We’re both right.
That’s something an old friend and I used to say to each other in our teen years (I think the credit should go to him for originally coining it, but I could be wrong…). It was most likely usually used in the course of discussion of things like science fiction, music, and teenaged philosophy – not uncommonly in the potato and pumpkin fields of North Canterbury as we earned money to buy guitars and cymbals. We used ‘we’re both right’ when we differed on something and wanted to end the discussion happily. And we used it partially in jest.
But there is something profound in it I think. Not that we were profound (our discussions sometimes got very interesting, but ‘profound’ may be overreaching!). The profundity is in what it revealed about us that is common to so many of us. We didn’t like being wrong. When we held views, or made arguments, for two opinions that were clearly different, and wouldn’t fit together, we found it easy to say we were ‘both right’ than to admit one of us was wrong. Even if it was a case of saying one of us must be wrong, even if we weren’t sure which – it was still easier to say ‘we’re both right’.
Being wrong is really, really difficult. Actually, that is not quite right. Being wrong is easy. Admitting you are wrong, that is another kettle of fish. That is hard. One of New Zealand’s finest singer songwriter talents, Bic Runga, had a song on her first album called ‘Sorry’ with a line that went ‘it’s not that hard to say, so why can’t I say it now?’ The answer of course is that to say sorry is to admit I’ve been in the wrong. And to admit I’m wrong in that or any other way is just hard.
Should it be so hard? We are wrong all the time about a million things. And we so often claim to be happy to be corrected, to be happy to be shown to be wrong, to ‘hope I’m wrong’. Occasionally some of us manage to say ‘I was wrong’ – in the past tense. That is still hard enough, and rare enough. But it is a little safer, because that was the old me. I was wrong (but I’m right now).
But when it comes to actually being wrong now – acknowledging we are wrong, admitting it, and changing – it is hard. Because to be wrong feels like it is to question our value. To undermine the justification for our existence.
That is where Christianity is really hard. It can be hard in lots of ways for people to accept. But among the most universally difficult is this – to be Christian is to say ‘I’m wrong’. And not just in one area, or about one theory, or on one occasion. Rather, to become a Christian is to say, at the most fundamental level, I am wrong. As Jesus puts it, our hearts are wrong (Mark 7:20-23). As the Apostle Paul puts it, our rejection of God makes us thoroughly wrong and in big trouble (Romans 1-3). And that’s why, at the heart of the start of being a Christian, and essential to the continuation of being a Christian, is repentance – turning around, because you are continually admitting you are wrong.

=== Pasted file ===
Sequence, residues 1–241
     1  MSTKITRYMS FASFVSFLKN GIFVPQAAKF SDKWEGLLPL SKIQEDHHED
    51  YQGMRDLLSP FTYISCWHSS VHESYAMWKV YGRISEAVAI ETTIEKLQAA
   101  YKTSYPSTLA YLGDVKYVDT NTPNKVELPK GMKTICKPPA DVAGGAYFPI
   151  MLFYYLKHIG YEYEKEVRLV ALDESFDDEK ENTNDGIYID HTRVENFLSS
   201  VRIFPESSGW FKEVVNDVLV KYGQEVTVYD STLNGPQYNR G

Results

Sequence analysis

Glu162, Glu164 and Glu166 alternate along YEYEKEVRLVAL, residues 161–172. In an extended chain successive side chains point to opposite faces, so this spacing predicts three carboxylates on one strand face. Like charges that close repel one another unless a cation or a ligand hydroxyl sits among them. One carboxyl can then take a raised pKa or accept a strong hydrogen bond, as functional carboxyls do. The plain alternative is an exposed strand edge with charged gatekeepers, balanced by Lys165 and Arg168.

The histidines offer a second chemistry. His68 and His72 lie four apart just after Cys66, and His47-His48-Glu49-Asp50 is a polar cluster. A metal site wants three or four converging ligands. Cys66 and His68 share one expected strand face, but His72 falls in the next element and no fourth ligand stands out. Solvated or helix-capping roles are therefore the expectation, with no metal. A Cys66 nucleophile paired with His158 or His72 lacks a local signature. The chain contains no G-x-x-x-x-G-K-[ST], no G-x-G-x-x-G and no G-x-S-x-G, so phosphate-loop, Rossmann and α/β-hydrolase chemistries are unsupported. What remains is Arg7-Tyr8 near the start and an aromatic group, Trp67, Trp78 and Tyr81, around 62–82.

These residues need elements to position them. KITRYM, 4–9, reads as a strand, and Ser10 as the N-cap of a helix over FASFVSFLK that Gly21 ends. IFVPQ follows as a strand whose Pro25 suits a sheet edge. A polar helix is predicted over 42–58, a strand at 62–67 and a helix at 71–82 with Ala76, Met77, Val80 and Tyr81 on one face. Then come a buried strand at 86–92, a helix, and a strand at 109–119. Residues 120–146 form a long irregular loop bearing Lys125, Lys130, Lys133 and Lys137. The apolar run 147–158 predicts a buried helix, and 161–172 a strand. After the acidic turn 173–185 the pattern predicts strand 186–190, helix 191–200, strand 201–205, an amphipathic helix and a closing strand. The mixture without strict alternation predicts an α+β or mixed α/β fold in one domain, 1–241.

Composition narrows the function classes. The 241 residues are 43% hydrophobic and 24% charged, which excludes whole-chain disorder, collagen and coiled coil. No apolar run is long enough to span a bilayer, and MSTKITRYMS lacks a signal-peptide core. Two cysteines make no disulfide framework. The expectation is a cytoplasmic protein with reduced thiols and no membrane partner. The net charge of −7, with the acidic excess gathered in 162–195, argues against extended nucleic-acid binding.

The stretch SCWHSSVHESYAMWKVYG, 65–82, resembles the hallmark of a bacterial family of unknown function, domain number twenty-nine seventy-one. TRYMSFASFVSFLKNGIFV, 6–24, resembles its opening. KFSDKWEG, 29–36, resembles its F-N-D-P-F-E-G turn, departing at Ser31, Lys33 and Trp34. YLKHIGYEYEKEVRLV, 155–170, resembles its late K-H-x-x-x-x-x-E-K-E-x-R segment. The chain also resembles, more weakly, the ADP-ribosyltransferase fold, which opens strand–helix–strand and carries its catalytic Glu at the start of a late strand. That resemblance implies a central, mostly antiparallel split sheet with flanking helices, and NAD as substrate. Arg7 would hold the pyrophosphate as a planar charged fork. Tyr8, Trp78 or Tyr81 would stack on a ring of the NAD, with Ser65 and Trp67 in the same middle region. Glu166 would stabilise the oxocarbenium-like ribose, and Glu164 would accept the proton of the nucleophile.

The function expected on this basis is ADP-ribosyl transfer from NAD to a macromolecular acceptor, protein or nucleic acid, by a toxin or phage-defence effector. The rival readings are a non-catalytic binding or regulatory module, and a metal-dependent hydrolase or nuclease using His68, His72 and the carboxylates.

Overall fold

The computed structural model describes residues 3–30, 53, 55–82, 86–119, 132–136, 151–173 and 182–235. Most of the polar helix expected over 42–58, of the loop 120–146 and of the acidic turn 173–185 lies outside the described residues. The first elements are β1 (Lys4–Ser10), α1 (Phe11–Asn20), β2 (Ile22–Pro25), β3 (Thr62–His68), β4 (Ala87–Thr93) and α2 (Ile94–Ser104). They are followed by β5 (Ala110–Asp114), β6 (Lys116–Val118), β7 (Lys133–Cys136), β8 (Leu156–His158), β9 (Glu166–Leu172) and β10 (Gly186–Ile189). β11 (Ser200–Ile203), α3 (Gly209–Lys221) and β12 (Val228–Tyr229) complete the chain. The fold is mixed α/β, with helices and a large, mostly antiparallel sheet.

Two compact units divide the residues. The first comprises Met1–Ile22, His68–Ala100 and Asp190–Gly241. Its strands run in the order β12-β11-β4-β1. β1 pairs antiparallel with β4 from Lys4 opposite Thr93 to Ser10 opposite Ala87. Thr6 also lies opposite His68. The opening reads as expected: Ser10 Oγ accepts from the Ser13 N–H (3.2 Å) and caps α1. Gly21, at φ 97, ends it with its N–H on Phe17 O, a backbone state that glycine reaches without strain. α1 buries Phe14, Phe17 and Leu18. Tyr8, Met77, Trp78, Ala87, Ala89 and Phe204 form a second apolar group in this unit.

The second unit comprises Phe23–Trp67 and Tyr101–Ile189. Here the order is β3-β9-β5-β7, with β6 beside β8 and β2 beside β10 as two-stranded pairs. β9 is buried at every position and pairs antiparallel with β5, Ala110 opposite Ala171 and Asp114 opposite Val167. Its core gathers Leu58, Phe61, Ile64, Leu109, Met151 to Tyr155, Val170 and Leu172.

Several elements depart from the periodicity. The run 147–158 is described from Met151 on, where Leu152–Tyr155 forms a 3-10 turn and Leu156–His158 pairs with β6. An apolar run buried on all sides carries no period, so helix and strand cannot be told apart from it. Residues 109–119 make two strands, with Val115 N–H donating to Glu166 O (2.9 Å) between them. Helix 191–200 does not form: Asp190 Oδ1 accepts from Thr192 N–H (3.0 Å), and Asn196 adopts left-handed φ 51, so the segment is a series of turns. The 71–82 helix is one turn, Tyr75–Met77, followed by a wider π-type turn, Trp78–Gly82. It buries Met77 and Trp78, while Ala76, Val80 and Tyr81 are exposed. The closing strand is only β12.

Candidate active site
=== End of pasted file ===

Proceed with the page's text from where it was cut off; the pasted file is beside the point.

“8 If we claim to be without sin, we deceive ourselves and the truth is not in us.
9 If we confess our sins, he is faithful and just and will forgive us our sins and purify us from all unrighteousness.” 1 John 1:8-9
If we confess our sins. In other words, if we say we are wrong. There is the real rub.
But there is the real freedom, too. To be able to admit we are wrong, and to know that at the same time we are justified. It’s not about being right anymore. Rather, as Paul puts it in that discussion of our wrong-ness: it’s about this: “Let God be true, and every human being a liar” Romans 3:4
It’s about us all admitting we are wrong. All of us. Each of us – including me, including you. On a level playing field of wrong-ness. And, having been freed from needing to justify our existence by being right, we can get on with really living. Because it is Christ’s right-ness that justifies us, not our own.
For those of us who are Christian teachers and preachers and pastors, I suggest this means we need to help our people get better at being wrong. Because they are anyway, whether they admit it or not. And perhaps the first way to help them admit they are wrong is to show them how. We can own up to being wrong, We can express the freedom of God’s justification in Christ by admitting the areas and ways we are wrong, rather than passionately holding on to our right-ness and defending ourselves all the time.
We are not both right. We are all wrong. I’m most certainly wrong. And Jesus is right enough for the lot of us.